The Otter race format is in the form of batches, determined by the prologue the day before the race. The Abangeni (consisting of the first 20 men and women) starts first, followed by the rest of the field, set off in batches of 16 every two minutes.
The startline rituals of warming up and tying my shoelaces for the 100thtime against one of the most incredible backdrops and excitement in the air was another confirmation of how much I treasured the entire racing experience.
Suddenly, it was time! The bell rang and after dibbing your timer into the dibber, the chase for the single track was on. The Otter trail is mostly a single trail, so if you get stuck behind slower runners, overtaking is not a simple task.
I bolted off after racehorses Toni McCann and Bianca Tarboton. This first section is extremely technical and concentration levels are at its highest. I could still see them until Ngubu hut, the first checkpoint. Soon after this I realized this pace was slightly faster than my current fitness and conditioning post injury allowed. I settled into my own rhythm and was soon joined by fellow K-way athlete, Nicolette Griffioen. We ran together in 3rd& 4thposition for about 5k or so, when I felt strong and broke away on of the climbs. Up until the halfway point I felt very strong on the ups and downs and sincerely enjoying every step of the way.
The conditions out there were hot and humid and a proper refuel was necessary at the “munchie point”. I struggled to find my rhythm on the 10km section between Oakhurst hut and Bloukrans. The trail is not particularly demanding, but I would say that this is one of the more technical sections of the route and my lack of specific trail conditioning became more evident. I knew I just had to grit it out and that hopefully the cold water swim at Bloukrans would give me new legs.
Finally I reached the stairs that lead to “new-leg-haven”, but not without a quick tumble on the green mossy rocks while appreciating the welcoming cheers from the Bloukrans supporters and good friends Melissa & Ruan.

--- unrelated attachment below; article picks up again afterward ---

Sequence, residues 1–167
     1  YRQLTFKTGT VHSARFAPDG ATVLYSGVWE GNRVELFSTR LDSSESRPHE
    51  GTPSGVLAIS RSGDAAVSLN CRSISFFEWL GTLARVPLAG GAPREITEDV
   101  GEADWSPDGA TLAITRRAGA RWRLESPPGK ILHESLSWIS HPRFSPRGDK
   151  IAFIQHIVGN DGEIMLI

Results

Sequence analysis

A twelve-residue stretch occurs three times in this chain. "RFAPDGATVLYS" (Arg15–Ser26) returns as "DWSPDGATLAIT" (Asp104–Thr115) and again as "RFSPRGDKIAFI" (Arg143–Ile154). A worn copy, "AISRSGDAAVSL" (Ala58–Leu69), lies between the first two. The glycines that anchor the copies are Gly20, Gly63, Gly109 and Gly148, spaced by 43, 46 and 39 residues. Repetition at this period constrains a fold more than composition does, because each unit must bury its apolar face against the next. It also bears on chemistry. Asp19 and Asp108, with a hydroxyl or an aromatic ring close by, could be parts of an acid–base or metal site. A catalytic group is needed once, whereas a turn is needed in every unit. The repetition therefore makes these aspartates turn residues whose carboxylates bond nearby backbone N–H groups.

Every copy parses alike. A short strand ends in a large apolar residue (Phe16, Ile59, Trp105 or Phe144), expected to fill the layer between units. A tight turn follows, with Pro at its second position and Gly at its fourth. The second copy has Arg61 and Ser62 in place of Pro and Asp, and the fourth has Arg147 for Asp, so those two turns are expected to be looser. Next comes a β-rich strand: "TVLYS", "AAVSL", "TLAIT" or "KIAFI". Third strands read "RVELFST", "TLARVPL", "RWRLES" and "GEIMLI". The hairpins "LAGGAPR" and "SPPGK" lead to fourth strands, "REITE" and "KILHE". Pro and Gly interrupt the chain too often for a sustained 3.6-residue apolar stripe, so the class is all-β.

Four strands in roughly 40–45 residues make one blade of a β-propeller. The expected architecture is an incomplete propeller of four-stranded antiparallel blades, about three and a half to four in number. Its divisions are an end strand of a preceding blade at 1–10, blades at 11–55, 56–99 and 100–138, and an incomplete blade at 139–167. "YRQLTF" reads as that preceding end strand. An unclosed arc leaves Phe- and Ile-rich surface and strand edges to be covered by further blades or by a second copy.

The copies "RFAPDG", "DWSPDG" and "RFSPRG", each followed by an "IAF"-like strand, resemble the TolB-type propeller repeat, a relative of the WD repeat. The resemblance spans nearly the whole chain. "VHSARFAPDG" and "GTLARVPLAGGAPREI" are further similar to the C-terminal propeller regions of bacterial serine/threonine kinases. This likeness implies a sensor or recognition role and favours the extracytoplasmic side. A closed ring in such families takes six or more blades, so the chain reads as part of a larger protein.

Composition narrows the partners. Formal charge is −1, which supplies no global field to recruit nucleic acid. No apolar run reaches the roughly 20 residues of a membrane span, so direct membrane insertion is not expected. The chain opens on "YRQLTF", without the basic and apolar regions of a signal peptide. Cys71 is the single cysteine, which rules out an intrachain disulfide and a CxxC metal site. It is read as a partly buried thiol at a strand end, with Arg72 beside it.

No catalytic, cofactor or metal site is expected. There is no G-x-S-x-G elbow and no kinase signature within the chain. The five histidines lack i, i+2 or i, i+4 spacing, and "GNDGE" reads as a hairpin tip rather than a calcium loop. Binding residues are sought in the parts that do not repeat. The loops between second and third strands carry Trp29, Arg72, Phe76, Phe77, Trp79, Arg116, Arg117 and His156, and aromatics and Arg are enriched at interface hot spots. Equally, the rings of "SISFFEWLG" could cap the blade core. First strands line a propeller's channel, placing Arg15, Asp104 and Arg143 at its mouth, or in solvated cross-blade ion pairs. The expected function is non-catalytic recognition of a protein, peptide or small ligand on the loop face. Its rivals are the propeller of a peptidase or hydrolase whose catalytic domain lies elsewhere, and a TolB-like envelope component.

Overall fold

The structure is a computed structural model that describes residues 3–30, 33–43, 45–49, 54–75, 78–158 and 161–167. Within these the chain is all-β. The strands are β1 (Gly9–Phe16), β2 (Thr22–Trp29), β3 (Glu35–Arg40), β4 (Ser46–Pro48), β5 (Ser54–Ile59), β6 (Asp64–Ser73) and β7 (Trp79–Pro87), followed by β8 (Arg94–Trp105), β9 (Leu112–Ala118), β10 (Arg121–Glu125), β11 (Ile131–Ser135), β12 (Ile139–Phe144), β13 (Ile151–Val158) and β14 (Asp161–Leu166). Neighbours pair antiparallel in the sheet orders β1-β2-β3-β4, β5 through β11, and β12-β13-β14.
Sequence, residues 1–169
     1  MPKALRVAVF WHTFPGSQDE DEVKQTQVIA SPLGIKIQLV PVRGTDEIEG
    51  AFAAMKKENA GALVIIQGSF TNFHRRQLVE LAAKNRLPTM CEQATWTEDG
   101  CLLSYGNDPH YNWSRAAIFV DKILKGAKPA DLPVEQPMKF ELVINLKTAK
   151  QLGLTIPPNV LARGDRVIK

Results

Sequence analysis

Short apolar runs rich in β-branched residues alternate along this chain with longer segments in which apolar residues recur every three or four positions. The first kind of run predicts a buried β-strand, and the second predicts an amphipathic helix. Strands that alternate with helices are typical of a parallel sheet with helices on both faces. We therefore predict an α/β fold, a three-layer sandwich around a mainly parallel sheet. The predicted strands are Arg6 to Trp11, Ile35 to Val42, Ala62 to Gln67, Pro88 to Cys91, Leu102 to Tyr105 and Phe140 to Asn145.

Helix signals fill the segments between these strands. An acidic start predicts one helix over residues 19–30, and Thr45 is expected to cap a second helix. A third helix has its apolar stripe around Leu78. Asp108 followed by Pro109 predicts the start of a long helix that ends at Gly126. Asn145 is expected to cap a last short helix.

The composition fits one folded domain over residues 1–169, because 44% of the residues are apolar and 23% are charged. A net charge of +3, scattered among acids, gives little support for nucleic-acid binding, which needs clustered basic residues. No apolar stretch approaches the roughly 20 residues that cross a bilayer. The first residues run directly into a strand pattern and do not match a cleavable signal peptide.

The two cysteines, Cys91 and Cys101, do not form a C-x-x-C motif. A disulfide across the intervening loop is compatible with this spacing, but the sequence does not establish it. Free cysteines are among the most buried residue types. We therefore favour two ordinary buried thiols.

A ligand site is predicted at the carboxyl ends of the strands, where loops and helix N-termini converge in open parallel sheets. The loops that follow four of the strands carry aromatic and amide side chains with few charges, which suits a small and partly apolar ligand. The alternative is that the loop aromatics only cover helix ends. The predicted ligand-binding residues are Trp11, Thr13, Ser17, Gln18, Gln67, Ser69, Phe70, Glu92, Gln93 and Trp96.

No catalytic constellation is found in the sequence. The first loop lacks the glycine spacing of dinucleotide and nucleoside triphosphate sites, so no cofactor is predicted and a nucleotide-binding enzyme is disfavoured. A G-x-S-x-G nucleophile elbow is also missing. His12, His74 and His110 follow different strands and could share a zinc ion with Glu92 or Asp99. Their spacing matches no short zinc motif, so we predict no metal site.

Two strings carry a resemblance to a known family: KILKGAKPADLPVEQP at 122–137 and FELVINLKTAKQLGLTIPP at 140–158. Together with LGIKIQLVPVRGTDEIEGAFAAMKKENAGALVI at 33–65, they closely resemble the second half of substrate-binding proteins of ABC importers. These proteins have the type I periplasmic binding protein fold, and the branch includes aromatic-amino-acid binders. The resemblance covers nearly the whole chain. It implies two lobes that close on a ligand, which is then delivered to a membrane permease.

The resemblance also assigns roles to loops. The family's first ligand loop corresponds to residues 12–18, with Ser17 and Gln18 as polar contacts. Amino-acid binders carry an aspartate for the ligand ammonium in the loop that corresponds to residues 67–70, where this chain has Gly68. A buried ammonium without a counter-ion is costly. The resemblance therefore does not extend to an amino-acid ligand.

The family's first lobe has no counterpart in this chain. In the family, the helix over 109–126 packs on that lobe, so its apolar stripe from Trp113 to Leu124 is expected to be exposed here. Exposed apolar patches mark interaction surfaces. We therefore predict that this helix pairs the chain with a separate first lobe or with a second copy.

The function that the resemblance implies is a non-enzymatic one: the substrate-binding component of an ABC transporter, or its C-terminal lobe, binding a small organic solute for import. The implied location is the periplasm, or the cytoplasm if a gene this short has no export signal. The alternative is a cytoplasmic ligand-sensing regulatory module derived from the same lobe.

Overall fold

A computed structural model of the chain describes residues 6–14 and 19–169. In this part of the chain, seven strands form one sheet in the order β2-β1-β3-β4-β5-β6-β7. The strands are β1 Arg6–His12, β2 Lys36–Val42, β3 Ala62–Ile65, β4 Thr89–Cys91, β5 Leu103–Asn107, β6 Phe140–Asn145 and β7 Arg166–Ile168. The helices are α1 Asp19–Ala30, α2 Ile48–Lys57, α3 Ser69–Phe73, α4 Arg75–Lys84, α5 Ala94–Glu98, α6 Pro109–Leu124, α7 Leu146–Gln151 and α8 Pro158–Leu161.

Jacques Marais, the maestro behind the lens, informed me that I could still catch Bianca (in 2ndplace) who was about 10mins ahead of me. With renewed energy and eagerness to give it my all on the day, I ran the next 10k as hard as I could!
Eventually, I reached the final beach section feeling at my strongest, but without Bianca or Toni in sight. With less than 3km to go and never losing hope, I took a sip of my Coffee flavored Biogen gel to give me one last push to finish.
And then, out of the blue, I saw Bianca. She was walking, assisted by fellow runner Tim Chambers and I could see she was taking serious strain. I offered help, but realized that it was probably too late. I was now running in 2ndposition and as I reached the river and caught a glimpse of the floating bridge, I was overcome by emotion and almost couldn’t hold back the tears.
I succeeded with a flawless balance beam crossing and sprinted across the floating bridge as fast as I can. The cheers from the crowds were overpowering and goose bumps and all kinds of emotions completely overwhelmed me!!
Even though I did not win, it sure felt like the biggest victory of my life. With tears streaming down my cheeks, I was welcomed home by Christiaan, Christopher and my mum. All the hard work and many sacrifices, culminated into this one moment – it was all worth it!!
Without the Lords blessing on my build-up and on race day, this result would not have been. Also, a huge thanks to my partners K-Way, Biogen, Garmin & Adidas. Your values, professionalism and integrity as brands are undeniable and it is an absolute honor to be partnered with you.
Thanks to Hazz coffee, Amiici Vision, Versus Socks, Buttanutt Tree Spreads & Muratie Wines for your continued support.
Thank you my family and to each and every one of my supporters. You have stood by me through thick and thin, the good and the bad, the victories and the defeats. And for that I am forever grateful!
Now, what is next? UTCT 100k??????